Pergolas don’t always have flat roofs.
Pergolas are open-air garden structures, most of which have flat, open-beam roofs resting on columns. Most are entryways to gardens, yards or front doors and are shady due to vining plants weaving through their joists. Although sometimes constructed of unexpected materials, such as the historic metal and glass pergola of Seattle’s Pioneer Square, most are built of wood. A pergola entryway can change a simple home or landscape from plain to distinctive.
Pergolas trace their history back to the ancient Egyptians. One researcher at Purdue University notes that the “artistic genius” and dry conditions of Egypt have made it possible to assemble information about ancient horticulture based on historical paintings, such as ones of workers picking grapes from pergolas. Other cultures, such as the Romans, adapted the idea to their vineyards as well and coined the name “pergola, ” which means “a close walk of boughs” in Italian. (Ref 2) Over time, pergolas were built more for ornamentation than agricultural purposes. The 1913 Lake Merritt pergola in Oakland, California, serves as a decorative entry and exit walkway for the park’s boathouse.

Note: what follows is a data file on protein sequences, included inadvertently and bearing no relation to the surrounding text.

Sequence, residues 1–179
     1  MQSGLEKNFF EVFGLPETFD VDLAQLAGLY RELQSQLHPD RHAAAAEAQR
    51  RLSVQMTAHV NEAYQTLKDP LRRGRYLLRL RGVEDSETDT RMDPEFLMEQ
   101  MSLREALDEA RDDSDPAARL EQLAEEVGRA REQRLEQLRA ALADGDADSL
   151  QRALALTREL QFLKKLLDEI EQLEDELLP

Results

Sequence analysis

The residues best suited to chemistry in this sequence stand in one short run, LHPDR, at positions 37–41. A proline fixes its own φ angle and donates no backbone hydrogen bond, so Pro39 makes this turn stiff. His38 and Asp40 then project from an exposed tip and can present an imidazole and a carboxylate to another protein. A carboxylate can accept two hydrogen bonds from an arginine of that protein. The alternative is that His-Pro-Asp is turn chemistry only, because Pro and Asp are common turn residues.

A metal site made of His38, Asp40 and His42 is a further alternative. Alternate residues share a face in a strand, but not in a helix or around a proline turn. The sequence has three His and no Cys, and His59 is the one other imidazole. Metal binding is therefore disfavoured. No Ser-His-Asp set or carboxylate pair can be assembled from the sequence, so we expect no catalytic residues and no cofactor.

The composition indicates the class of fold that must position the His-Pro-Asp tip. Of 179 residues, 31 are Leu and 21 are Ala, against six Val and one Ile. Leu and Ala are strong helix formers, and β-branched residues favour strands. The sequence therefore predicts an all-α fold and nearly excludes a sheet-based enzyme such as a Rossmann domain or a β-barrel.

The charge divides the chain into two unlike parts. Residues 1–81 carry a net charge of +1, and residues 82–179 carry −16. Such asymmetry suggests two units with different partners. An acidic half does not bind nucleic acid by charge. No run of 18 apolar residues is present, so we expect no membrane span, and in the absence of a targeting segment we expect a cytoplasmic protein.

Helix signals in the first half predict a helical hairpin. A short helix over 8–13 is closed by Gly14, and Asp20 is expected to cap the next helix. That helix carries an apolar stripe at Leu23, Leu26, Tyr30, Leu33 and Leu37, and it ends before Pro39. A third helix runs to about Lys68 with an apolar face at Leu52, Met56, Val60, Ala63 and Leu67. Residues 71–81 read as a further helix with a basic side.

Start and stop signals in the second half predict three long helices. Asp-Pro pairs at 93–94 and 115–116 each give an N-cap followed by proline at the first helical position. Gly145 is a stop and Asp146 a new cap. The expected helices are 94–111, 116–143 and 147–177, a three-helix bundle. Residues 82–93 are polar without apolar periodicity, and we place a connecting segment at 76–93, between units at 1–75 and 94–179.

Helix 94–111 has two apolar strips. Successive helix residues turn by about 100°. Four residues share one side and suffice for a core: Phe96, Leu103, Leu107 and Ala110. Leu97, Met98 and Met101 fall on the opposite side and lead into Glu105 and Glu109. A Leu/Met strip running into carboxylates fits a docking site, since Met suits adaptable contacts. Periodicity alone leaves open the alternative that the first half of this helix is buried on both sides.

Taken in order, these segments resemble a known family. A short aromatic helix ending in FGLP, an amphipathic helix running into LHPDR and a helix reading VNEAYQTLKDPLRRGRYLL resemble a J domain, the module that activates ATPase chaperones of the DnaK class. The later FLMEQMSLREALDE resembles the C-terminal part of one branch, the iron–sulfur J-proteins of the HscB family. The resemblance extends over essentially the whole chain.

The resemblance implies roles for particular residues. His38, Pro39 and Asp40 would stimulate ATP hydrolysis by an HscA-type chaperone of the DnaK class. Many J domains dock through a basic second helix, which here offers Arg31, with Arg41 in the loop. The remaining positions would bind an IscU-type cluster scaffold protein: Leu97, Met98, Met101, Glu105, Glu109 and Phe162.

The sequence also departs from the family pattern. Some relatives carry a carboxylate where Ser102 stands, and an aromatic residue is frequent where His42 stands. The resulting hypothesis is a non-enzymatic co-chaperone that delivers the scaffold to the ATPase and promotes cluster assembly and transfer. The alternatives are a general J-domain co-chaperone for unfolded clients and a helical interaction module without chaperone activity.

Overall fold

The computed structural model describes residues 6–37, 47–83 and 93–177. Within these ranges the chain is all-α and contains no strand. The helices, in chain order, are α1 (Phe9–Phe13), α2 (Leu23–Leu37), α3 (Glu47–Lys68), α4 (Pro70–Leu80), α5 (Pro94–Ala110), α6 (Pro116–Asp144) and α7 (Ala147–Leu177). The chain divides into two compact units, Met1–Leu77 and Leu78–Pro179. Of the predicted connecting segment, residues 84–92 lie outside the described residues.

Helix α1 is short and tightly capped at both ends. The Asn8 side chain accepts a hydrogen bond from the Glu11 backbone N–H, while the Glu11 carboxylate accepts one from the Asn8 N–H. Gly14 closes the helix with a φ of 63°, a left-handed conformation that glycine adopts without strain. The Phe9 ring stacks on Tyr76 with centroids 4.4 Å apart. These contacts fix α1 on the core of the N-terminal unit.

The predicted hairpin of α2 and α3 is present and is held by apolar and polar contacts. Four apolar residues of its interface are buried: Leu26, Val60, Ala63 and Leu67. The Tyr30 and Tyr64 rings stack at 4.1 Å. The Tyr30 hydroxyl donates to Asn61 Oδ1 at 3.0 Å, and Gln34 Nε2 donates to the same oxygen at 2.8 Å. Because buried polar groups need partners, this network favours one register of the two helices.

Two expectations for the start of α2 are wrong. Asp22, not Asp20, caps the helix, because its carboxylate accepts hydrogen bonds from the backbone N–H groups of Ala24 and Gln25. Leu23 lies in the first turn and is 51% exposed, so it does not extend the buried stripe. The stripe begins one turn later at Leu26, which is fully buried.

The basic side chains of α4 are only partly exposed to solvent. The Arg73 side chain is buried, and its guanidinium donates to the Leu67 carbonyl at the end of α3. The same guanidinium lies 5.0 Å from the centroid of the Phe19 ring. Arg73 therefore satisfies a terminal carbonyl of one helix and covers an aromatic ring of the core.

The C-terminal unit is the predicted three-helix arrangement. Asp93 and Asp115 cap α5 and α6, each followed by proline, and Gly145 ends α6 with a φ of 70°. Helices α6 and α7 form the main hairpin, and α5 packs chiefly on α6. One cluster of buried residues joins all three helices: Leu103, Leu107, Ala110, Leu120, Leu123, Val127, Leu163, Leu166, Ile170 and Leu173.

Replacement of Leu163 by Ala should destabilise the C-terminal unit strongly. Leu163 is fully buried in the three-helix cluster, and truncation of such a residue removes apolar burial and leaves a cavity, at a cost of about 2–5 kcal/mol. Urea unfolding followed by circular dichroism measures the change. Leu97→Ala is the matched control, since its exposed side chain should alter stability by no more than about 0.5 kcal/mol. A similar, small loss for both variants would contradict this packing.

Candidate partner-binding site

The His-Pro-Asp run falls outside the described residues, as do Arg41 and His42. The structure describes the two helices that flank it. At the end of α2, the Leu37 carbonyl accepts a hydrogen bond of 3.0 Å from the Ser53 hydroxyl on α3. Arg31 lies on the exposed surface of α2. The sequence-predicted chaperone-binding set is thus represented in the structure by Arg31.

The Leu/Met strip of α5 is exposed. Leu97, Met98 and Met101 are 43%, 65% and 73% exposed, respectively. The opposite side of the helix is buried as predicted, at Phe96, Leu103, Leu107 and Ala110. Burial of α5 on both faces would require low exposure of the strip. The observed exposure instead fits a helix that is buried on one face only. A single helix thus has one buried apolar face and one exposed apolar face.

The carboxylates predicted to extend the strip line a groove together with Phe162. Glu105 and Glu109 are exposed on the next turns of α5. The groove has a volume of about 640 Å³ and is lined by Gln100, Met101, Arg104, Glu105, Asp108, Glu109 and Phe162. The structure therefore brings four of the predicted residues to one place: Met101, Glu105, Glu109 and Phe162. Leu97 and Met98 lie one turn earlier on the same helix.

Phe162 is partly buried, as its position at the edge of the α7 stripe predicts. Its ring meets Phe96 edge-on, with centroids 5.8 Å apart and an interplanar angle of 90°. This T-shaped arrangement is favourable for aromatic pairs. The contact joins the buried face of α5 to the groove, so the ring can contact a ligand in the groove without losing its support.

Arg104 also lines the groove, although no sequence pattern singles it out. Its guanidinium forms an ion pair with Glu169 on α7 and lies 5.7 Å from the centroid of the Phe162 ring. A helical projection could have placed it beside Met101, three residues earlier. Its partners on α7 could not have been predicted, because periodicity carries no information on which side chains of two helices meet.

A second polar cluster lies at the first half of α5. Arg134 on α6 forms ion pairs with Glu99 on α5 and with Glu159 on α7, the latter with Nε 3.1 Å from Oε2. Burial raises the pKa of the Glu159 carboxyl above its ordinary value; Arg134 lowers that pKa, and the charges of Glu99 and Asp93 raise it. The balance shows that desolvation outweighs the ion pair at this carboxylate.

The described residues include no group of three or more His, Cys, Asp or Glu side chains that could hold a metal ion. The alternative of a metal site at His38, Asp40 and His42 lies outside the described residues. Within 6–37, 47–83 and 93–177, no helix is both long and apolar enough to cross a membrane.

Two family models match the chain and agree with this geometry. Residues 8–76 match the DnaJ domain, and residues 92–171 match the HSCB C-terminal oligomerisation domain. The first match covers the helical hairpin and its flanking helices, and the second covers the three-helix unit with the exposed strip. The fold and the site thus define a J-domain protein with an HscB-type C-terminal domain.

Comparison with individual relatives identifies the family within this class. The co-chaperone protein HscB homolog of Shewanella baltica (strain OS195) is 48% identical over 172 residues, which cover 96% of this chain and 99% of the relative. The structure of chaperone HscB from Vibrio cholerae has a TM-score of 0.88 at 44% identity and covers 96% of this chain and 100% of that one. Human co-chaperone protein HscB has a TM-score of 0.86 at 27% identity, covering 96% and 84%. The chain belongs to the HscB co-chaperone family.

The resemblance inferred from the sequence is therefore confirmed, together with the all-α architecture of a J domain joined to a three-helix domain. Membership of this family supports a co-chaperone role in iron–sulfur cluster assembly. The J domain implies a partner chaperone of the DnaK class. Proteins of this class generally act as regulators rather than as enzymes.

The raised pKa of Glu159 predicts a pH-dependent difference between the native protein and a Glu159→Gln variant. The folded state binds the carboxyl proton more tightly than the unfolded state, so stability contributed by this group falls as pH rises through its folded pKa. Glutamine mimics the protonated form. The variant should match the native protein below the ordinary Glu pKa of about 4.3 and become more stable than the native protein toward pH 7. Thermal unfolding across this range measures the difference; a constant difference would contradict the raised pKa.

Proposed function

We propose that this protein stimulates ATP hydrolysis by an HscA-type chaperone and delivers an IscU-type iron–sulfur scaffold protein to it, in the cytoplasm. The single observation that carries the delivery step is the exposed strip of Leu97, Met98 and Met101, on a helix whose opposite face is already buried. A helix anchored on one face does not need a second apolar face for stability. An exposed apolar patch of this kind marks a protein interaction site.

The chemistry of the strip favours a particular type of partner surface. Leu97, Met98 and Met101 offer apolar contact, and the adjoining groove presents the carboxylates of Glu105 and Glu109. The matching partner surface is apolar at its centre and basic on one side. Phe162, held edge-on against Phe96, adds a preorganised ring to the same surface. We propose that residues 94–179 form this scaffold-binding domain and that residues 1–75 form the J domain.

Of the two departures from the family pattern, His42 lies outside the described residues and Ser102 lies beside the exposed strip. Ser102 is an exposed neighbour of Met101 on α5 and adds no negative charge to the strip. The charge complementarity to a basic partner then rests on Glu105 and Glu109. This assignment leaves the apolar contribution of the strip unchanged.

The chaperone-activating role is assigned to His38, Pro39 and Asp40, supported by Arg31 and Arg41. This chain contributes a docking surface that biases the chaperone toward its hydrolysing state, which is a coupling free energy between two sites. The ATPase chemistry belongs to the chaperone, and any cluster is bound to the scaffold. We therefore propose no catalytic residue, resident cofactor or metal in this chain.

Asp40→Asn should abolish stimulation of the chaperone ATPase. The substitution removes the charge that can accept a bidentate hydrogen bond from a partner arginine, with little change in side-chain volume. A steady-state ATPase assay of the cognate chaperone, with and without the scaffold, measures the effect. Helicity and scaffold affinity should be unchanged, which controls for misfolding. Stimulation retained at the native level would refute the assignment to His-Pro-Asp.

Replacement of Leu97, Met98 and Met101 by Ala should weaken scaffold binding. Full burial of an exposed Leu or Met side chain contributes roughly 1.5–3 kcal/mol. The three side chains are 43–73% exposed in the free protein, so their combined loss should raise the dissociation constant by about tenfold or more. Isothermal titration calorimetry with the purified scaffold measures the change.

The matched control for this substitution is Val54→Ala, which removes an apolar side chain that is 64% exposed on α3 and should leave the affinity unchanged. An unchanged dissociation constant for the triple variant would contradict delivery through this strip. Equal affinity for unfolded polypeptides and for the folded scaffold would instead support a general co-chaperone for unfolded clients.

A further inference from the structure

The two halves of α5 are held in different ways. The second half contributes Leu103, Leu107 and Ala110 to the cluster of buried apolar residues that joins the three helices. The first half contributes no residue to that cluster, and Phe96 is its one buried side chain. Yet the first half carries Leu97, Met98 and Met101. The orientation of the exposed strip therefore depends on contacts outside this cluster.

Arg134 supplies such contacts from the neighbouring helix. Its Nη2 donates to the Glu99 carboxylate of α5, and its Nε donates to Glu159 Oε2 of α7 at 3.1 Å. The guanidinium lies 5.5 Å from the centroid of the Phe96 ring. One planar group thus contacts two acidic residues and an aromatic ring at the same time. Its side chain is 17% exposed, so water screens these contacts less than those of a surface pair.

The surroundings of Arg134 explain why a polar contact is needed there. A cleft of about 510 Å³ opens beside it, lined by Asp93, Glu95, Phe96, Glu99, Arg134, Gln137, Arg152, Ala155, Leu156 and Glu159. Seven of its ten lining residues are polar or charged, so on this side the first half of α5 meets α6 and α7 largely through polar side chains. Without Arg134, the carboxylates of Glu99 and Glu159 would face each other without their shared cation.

Pergolas may be freestanding or attached to structures, such as a roof or fence. When accenting a gate, a pergola formalizes entry to a yard. Chris Peterson, author of the book “Beautiful Home Landscapes, ” says that a short pergola rising above a picket fence gate adds “visual weight” to what otherwise may be a simple entry to a yard. Departing from the dictate that pergola roofs must be flat, Peterson shows examples of pergolas with peaked and arched open joists, including one tunnel-like structure bursting with clematis flowers and leading across an otherwise plain front lawn.